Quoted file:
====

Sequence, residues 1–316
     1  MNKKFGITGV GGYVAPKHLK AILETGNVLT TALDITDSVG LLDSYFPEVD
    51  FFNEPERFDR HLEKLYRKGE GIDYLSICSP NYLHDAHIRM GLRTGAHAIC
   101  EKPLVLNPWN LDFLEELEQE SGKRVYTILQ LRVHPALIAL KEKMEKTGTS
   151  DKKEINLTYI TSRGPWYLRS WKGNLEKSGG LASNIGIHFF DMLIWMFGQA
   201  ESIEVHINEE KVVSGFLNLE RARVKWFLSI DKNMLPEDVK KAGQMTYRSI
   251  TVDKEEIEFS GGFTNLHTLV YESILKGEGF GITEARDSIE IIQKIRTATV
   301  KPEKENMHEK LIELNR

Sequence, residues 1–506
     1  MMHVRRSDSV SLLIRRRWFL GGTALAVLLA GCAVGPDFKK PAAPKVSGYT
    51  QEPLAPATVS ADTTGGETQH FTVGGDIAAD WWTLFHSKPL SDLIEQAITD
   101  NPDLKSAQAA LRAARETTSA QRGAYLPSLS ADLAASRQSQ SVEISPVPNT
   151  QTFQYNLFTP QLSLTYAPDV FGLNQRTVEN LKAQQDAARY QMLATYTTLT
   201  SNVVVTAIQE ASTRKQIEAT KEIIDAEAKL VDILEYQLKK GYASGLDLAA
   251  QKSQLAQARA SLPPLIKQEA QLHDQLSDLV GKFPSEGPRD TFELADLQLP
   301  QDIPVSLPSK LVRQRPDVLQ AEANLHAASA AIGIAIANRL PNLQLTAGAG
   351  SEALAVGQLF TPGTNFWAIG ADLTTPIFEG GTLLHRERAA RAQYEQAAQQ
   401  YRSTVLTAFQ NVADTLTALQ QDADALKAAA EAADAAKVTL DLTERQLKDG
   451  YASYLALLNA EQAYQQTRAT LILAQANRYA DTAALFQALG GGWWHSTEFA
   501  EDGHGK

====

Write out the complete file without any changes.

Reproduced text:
Sequence, residues 1–316
     1  MNKKFGITGV GGYVAPKHLK AILETGNVLT TALDITDSVG LLDSYFPEVD
    51  FFNEPERFDR HLEKLYRKGE GIDYLSICSP NYLHDAHIRM GLRTGAHAIC
   101  EKPLVLNPWN LDFLEELEQE SGKRVYTILQ LRVHPALIAL KEKMEKTGTS
   151  DKKEINLTYI TSRGPWYLRS WKGNLEKSGG LASNIGIHFF DMLIWMFGQA
   201  ESIEVHINEE KVVSGFLNLE RARVKWFLSI DKNMLPEDVK KAGQMTYRSI
   251  TVDKEEIEFS GGFTNLHTLV YESILKGEGF GITEARDSIE IIQKIRTATV
   301  KPEKENMHEK LIELNR

Sequence, residues 1–506
     1  MMHVRRSDSV SLLIRRRWFL GGTALAVLLA GCAVGPDFKK PAAPKVSGYT
    51  QEPLAPATVS ADTTGGETQH FTVGGDIAAD WWTLFHSKPL SDLIEQAITD
   101  NPDLKSAQAA LRAARETTSA QRGAYLPSLS ADLAASRQSQ SVEISPVPNT
   151  QTFQYNLFTP QLSLTYAPDV FGLNQRTVEN LKAQQDAARY QMLATYTTLT
   201  SNVVVTAIQE ASTRKQIEAT KEIIDAEAKL VDILEYQLKK GYASGLDLAA
   251  QKSQLAQARA SLPPLIKQEA QLHDQLSDLV GKFPSEGPRD TFELADLQLP
   301  QDIPVSLPSK LVRQRPDVLQ AEANLHAASA AIGIAIANRL PNLQLTAGAG
   351  SEALAVGQLF TPGTNFWAIG ADLTTPIFEG GTLLHRERAA RAQYEQAAQQ
   401  YRSTVLTAFQ NVADTLTALQ QDADALKAAA EAADAAKVTL DLTERQLKDG
   451  YASYLALLNA EQAYQQTRAT LILAQANRYA DTAALFQALG GGWWHSTEFA
   501  EDGHGK